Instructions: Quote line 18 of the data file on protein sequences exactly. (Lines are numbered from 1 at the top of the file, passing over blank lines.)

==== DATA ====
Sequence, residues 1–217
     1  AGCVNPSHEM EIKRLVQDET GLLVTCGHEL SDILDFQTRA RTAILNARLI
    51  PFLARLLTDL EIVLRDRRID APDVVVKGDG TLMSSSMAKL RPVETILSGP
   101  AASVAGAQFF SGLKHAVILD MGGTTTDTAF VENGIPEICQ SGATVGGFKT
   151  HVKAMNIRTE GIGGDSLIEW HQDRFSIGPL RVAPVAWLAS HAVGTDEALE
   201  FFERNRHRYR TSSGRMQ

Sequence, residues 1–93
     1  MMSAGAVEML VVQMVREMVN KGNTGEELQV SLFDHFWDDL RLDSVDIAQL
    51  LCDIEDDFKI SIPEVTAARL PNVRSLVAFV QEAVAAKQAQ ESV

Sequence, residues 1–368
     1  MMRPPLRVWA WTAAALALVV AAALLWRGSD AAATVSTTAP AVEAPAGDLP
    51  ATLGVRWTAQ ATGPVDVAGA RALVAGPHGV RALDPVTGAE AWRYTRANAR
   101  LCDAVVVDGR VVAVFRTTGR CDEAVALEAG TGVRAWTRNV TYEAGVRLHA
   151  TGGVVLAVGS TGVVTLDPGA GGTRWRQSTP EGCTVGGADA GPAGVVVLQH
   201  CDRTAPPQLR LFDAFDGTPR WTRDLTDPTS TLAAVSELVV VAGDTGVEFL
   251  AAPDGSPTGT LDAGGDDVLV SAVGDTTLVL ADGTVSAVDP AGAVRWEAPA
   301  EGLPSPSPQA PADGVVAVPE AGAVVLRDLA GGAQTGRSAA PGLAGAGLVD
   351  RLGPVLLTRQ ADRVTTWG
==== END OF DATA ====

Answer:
   351  RLGPVLLTRQ ADRVTTWG